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Mississippi's prom outrage: An echo of desegregation

The parents who allegedly tricked lesbian Constance McMillen into attending a "fake prom," argues AlterNet's Angela C. Stuesse, are part of a sad state tradition

Constance McMillen.

As controversy unfolds around the "fake prom" that Mississippi lesbian Constance McMillen was duped into attending, AlterNet contributor Angela C. Stuesse considers the parallels between the role parents allegedly played in the deception and the behavior of their 1960s counterparts who took matters into their own hands when the state's schools were racially desegregated. A short excerpt:

"The 'solution' of organizing a parent-organized alternative to publicly supported education or social events is firmly rooted in southern history, and has continued into the present. In Mississippi and other parts of the South, as school districts lost their court battles against federally mandated racial desegregation in the late 1960s and early 1970s, private schools were founded in a matter of weeks. White parents moved their children into the schools they had organized, and public schools became de facto black schools. This pattern persists in many southern locales today....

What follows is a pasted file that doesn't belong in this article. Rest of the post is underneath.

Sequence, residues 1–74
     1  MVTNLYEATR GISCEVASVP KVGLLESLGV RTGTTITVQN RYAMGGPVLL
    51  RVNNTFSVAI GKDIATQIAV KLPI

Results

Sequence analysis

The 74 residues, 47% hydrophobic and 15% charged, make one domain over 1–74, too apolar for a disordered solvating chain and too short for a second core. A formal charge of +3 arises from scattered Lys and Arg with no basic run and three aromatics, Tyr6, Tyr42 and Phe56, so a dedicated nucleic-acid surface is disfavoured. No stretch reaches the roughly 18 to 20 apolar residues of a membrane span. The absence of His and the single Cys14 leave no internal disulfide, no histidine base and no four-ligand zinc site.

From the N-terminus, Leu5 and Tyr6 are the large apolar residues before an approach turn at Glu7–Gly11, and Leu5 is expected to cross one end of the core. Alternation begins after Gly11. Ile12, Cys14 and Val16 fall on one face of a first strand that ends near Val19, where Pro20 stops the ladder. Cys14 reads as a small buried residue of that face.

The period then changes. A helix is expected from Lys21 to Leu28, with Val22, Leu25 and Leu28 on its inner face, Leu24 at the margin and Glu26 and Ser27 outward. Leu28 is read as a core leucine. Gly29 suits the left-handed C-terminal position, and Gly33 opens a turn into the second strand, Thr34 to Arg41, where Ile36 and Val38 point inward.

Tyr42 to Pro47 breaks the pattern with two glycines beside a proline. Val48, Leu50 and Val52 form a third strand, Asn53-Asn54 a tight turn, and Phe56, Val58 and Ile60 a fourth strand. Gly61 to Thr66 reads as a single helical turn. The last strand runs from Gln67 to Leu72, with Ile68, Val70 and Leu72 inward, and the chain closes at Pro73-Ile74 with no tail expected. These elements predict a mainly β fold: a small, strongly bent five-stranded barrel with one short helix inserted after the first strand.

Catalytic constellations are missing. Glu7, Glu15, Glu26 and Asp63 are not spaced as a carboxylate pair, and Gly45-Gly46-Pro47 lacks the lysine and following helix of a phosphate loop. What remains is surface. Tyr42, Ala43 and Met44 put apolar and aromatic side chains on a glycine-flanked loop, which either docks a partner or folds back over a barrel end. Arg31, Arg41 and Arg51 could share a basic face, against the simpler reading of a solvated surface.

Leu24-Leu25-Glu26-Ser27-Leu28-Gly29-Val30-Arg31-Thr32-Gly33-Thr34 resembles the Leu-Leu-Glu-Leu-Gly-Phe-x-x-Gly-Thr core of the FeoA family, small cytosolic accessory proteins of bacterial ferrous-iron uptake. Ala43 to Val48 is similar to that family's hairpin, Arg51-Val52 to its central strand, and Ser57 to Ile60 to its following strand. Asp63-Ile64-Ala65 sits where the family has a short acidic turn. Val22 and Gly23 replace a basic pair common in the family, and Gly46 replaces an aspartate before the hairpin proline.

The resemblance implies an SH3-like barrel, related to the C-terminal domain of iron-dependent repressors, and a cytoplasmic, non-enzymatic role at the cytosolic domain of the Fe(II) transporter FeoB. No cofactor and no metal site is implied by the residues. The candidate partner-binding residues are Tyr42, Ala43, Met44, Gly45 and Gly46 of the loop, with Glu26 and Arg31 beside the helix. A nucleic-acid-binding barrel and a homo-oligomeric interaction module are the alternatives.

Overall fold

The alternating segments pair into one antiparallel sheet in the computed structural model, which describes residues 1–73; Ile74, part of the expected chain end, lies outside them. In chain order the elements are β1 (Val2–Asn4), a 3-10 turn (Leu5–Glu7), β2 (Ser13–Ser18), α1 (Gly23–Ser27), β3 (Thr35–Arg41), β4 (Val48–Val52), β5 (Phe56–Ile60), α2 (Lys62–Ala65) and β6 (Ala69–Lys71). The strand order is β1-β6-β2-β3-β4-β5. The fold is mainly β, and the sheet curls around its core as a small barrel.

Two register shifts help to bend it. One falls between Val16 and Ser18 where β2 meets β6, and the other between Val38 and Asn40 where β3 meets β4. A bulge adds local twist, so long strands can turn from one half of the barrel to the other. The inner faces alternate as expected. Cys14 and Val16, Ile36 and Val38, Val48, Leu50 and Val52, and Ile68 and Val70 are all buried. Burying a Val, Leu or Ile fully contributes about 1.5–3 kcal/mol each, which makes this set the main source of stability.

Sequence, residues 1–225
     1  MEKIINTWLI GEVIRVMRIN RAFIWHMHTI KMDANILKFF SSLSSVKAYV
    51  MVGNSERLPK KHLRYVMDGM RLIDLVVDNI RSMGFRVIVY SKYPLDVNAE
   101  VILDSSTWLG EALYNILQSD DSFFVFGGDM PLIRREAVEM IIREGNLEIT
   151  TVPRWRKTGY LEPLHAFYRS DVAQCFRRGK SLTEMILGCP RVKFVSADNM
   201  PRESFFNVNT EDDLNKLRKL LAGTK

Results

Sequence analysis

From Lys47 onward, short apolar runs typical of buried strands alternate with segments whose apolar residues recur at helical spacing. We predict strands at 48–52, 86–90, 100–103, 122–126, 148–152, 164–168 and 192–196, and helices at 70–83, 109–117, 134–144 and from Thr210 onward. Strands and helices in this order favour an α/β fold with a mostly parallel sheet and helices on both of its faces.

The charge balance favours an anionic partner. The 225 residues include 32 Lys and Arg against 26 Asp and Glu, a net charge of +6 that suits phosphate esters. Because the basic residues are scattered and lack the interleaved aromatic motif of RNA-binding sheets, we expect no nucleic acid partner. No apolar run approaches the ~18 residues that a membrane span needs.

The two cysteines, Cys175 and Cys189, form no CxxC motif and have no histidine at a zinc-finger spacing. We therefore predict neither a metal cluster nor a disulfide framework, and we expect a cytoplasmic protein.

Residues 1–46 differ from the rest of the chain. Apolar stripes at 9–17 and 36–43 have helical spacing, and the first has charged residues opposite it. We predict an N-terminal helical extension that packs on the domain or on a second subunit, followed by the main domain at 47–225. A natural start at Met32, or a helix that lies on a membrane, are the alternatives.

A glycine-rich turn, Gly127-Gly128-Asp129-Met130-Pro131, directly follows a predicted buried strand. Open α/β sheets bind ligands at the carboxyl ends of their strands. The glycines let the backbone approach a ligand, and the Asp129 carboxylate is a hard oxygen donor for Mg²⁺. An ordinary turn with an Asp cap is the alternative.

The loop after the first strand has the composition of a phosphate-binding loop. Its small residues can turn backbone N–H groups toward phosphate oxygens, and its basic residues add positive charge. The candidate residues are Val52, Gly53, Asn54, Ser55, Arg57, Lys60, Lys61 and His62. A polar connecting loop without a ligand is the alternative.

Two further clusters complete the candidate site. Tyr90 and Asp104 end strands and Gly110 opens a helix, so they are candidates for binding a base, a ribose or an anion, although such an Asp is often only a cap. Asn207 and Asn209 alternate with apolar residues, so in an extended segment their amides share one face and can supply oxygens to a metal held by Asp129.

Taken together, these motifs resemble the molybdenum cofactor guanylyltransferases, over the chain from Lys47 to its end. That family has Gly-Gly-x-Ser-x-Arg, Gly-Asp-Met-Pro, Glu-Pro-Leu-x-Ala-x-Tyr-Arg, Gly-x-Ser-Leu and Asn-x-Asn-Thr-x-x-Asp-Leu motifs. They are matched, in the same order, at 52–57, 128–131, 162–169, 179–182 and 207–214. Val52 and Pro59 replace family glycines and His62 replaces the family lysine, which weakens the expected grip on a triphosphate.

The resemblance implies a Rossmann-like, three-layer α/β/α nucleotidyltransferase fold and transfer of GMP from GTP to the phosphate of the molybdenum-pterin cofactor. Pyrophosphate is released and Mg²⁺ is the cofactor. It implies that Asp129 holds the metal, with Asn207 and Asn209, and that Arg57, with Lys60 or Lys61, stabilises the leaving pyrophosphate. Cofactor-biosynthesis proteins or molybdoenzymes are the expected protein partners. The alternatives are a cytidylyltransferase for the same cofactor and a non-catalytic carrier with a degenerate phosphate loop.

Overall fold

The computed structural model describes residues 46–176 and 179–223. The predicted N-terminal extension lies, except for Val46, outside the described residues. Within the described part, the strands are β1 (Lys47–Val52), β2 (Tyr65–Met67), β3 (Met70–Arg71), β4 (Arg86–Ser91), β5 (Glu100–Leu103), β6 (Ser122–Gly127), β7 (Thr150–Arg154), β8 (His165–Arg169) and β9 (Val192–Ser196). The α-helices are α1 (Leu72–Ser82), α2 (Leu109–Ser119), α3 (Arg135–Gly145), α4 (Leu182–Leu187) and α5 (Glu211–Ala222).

"Since school districts couldn’t legally sponsor segregated proms, parents stepped in to privately fund and plan them. Having been raised in the Midwest, I was shocked to learn when I moved to Mississippi that my neighbor (who, like me, graduated from high school in 1994) had attended a racially segregated prom. Both the black and the white proms, each with its own king and queen, were documented in her high school yearbook...."

Read the full story at AlterNet:

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